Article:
A novel innate immunity risk factor for amyotrophic lateral sclerosis

Project: Research project

Project Details

Description

Amyotrophic lateral sclerosis (ALS) is a fatal neurodegenerative disorder, 20% of ALS cases are genetic, with monogenic causes identified in about 17 % or so. The remaining 80% of cases appear to be multifactorial, and no reproducible and/or robust genetic association or environmental factor(s), internal or external, has been identified. Although the role of innate immunity has been explored and some innate immunity factors highlighted, their role as initiators, amplifiers or secondary markers of an ongoing inflammatory response is not established. As the result of our study of gene variants of cargo proteins of the HDL particle we identified the trypanocide blood and CSF protein, Apol1, as a promising agent affecting ALS that is also sensitive to environmental factors ApoL1 is a secreted innate immunity factor carried by the high-density lipoprotein particle HDL3 and CSF. ApoL1 forms a channel in the lysosomal membrane and disrupts the blood borne parasite’s lysosomal function, killing it. For most trypanasome exposures, this process is clinically inapparent because only two of the twenty known trypanosome species, T.brucei and its varieties and T.cruzei, are pathogenic to humans. Variant alleles of APOL1 emerged in Africa with the property of antagonistic pleiotropy, effective against resistant strains of T.brucei, they cause progressive kidney disease especially in SLE and AIDS {}. In vitro Apol1 causes autophagic cell death in cancer cells. {}. We examined the association of selected genetic variants of APOL1 and the concentration of the Apol1 protein in control and ALS plasma. In our initial study of 300 cases and 300 controls three variants were associated with SALS, while plasma ApoL1 levels were significantly different between controls and cases (p=0.03). A highly skewed profile of the upper quartile (p=0001) between controls and ALS cases was noted. Our hypothesis is that APOL1 variants are associated with ALS because elevated Apol1 levels in plasma and or CSF are toxic to certain neurons. Apol1 levels are and influenced by in cis or in trans factors. Apol1 is likely regulated in cis by gene expression variants and/or by in tran due to exposure to trypanosomes or to cytokines such as the interferons or other, yet to be identified, factors. Humans and a few other primates have the APOL1 gene, while rodents and other mammals do not. Antagonistic pleiotropy of some APOL1 allelic variants may thus be protective against most trypanosomes but possibly detrimental in neurodegeneration.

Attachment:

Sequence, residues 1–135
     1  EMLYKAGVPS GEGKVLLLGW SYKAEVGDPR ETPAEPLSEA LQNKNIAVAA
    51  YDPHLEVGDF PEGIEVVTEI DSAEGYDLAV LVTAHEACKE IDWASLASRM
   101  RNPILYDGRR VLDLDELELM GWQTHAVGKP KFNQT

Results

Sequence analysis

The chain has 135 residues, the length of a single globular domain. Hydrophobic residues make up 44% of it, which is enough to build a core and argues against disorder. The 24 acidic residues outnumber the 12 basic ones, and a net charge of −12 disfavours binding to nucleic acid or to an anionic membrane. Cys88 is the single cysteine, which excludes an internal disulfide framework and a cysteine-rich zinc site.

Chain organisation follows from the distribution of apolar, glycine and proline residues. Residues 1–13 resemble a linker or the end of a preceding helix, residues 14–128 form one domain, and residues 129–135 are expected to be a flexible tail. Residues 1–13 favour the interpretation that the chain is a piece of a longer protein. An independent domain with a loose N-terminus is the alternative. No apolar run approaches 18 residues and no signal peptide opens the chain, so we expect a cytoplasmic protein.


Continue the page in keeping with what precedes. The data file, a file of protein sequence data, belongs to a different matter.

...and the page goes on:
Innovation: This is a novel pioneering effort to ascertain 1. Whether APOL1 genetic variants and Apol1 levels predispose to SALS. 2. The extent to Apol1 levels are affected by in cis and possibly in trans genetic expression variants like eQTLs. 3. The effect on Apol1 levels by in trans environmental factors of exposure to trypanosomes, or secondarily by cytokines such as TNF-α, γ-interferon and type 1 interferons, or a combination thereof. 4. To establish Apol1 in the pathology of vulnerable neurons in human ALS. Our promising preliminary data, experienced team and rigorously defined cohort of age matched ALS cases and controls and extensive collection of ALS tissue and ongoing environment exposure data puts us in a unique position to carry out this novel proposal to fundamentally affect the understanding of SALS and its treatment
Aim 1. Determine in cis variants in the region of APOL1 gene for association to ALS and endophenotypes in our existing SALS patients and control samples (750 each) using custom capture targeted high throughput sequ
StatusActive
Effective start/end date9/1/198/31/22

Funding

  • Agency for Toxic Substances and Disease Registry (5R01TS000294-02-00)

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